1996 - Ordinance to Preserve Park Land passed by voters.


Hamtramck is mostly surrounded by Detroit except a small common border with the city of Highland Park. Hamtramck lies about five miles (8 km) from the center of Detroit. The I-75 Freeway roughly runs along this city's western border and I-94 runs near its southern border.


Hamtramck's Economy

General Motors' Detroit/Hamtramck Assembly plant, one of the automaker's premiere facilities, produces the Cadillac DTS and the Buick Lucerne.


The Polish Art Center is a local institution in Hamtramck. There, one can find many Polish art objects, books, foods, and art from other areas of Europe. The center's selection of Communist-era Polish theatrical and operatic posters is extremely unusual.

Festivals and Events

-Browse the gallery to learn about Hamtramck's festivals and events-

Paczki Day
Hamtramck Music Festival
St. Florian Strawberry Festival
Hamtramck Labor Day Festival
Planet Ant Film & Video Festival in Hamtramck
North American Bangladesh Festival

Notable People

-Click each photo to learn about Hamtramck's notable people-

Rudolph Tomjanovich, Jr.
Rudolph Tomjanovich, Jr.

Born November 24, 1948, in Hamtramck, Michigan, nicknamed Rudy T., is an American former basketball player and coach. Tomjanovich was born to an American family of Croatian descent. He attended high school in Hamtramck, and later the University of Michigan (from 1967 to 1970). ​ Tomjanovich was selected in the 1970 NBA Draft as the second overall pick by the San Diego Rockets (the franchise relocated to Houston in 1971), for whom he would play the entirety of his NBA career. He was also drafted in both 1970[1] and 1974[2] by the Utah Stars of the ABA. In his eleven years in the NBA, Tomjanovich had a scoring average of 17.4 points and a rebounding average of 8.1, earning five All-Star Game selections in the process (1974–1977, 1979). He is the third-leading scorer in Rockets history behind Hall of Famers Calvin Murphy and Hakeem Olajuwon. Because his last name was so long, the back of Tomjanovich's jerseys would read "RUDY T.", rather than his 11 character name.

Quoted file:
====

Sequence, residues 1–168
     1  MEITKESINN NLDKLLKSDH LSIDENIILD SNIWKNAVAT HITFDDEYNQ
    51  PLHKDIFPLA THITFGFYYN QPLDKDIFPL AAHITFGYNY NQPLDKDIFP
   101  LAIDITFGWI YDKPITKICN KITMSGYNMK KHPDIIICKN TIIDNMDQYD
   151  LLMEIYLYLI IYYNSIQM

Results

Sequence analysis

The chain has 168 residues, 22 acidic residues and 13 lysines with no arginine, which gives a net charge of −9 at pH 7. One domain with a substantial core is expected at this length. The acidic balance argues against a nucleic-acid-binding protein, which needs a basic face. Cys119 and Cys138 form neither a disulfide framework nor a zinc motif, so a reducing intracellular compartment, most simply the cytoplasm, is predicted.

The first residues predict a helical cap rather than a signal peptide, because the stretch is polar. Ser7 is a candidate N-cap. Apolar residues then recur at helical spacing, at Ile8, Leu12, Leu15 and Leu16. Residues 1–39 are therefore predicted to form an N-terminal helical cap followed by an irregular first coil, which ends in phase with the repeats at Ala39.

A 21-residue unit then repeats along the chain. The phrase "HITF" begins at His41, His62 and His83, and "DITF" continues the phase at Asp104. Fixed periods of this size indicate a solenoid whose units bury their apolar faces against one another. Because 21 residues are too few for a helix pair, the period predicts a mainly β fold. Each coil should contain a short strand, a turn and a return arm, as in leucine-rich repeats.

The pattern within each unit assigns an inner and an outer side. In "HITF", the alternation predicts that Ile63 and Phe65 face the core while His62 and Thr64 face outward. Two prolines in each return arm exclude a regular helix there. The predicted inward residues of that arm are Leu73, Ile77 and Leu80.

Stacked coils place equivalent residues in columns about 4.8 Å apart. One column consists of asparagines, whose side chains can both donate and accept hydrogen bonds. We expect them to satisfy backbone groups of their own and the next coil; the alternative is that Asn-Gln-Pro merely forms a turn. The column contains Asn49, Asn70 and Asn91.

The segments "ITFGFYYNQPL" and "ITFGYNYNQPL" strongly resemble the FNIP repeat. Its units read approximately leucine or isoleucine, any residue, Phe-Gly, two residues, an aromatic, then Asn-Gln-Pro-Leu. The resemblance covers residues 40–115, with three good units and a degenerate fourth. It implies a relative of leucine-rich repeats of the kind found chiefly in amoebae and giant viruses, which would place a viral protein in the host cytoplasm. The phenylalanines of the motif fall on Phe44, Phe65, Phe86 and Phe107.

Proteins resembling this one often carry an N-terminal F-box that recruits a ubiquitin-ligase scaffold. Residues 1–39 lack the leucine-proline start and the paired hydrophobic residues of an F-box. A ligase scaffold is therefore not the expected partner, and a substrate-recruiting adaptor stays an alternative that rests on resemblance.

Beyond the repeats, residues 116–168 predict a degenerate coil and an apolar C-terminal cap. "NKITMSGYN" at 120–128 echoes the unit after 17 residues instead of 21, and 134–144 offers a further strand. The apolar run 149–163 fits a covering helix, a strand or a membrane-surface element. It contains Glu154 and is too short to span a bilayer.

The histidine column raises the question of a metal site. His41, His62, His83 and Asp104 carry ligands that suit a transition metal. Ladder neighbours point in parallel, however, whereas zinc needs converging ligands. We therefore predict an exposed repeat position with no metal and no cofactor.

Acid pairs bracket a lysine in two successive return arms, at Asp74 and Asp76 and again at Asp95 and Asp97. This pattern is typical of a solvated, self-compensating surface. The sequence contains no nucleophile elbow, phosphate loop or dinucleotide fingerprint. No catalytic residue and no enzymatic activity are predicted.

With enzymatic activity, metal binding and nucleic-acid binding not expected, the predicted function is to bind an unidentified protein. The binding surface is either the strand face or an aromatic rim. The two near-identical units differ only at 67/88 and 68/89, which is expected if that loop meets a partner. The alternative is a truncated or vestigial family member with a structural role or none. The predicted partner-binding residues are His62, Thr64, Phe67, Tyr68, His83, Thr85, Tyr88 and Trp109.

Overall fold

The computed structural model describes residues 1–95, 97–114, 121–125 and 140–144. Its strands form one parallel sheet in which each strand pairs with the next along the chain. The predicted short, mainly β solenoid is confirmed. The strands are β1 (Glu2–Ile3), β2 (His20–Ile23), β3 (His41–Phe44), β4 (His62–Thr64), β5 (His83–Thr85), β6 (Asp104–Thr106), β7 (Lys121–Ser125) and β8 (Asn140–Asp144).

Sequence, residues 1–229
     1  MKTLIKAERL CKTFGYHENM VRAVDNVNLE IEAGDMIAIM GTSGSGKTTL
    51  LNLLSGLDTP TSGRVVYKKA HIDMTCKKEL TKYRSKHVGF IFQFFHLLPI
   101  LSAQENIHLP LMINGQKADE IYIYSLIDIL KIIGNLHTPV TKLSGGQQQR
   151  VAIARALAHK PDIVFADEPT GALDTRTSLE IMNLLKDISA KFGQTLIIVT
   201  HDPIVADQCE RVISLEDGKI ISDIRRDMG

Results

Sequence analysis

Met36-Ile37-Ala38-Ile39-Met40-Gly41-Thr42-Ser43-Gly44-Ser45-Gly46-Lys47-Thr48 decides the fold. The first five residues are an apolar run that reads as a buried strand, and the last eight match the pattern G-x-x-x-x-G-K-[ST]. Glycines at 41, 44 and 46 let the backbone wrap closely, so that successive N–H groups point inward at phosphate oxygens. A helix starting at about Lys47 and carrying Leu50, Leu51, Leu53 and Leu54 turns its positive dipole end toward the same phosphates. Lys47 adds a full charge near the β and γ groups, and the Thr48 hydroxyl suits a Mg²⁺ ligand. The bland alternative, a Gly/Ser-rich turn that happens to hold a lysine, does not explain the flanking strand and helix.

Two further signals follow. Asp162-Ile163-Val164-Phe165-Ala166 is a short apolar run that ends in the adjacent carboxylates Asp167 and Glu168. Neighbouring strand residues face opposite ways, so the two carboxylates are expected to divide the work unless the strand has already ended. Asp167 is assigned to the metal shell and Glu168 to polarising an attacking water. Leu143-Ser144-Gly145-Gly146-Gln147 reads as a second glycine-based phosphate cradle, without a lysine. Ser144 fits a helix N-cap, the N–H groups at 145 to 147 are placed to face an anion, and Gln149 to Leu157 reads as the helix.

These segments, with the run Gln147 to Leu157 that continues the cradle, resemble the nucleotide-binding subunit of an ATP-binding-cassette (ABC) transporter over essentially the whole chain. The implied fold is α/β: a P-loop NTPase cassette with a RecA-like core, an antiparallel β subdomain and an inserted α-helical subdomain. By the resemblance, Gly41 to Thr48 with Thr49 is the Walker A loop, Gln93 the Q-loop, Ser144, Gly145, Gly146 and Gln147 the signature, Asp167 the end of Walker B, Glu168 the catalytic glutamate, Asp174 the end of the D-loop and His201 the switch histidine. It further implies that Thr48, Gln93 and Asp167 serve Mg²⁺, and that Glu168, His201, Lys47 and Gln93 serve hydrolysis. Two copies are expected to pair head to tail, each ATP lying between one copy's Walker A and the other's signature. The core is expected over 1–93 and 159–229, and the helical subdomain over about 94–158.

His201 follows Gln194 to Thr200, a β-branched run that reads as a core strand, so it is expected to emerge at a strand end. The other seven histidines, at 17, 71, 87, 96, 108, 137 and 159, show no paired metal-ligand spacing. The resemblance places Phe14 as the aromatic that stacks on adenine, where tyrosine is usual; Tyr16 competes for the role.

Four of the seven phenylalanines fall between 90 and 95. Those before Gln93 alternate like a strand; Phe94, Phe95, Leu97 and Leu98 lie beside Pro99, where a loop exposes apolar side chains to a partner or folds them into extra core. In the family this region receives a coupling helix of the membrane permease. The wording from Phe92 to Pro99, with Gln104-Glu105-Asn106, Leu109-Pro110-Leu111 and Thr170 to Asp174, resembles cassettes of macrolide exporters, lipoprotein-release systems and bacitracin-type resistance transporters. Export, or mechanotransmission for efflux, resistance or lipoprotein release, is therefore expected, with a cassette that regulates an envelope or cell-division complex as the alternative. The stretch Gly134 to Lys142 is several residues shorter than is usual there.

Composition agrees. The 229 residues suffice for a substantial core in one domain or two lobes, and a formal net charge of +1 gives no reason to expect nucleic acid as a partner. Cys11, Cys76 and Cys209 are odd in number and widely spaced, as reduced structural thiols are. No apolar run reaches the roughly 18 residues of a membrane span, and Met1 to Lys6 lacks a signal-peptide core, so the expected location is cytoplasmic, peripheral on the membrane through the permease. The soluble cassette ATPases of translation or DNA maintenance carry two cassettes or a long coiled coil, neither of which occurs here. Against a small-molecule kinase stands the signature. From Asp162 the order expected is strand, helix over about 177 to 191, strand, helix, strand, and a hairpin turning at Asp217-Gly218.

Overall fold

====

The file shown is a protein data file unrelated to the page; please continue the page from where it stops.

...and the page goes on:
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Mitch Ryder
Mitch Ryder (born William S. Levise)

Born February 26, 1945, in Hamtramck, Michigan as William S. Levise Jr., is an American musician. ​ Ryder is noted for his gruff, wailing singing style, much influenced by Little Richard, and his dynamic stage performances, influenced by James Brown. Ryder first appeared fronting a band called Billy Lee & The Rivieras, which had limited success until they met the songwriter / record producer, Bob Crewe. Crewe renamed the group Mitch Ryder & The Detroit Wheels, and they recorded several hit records on his DynoVoice Records label in the mid to late 1960s, most notably "Devil With A Blue Dress On".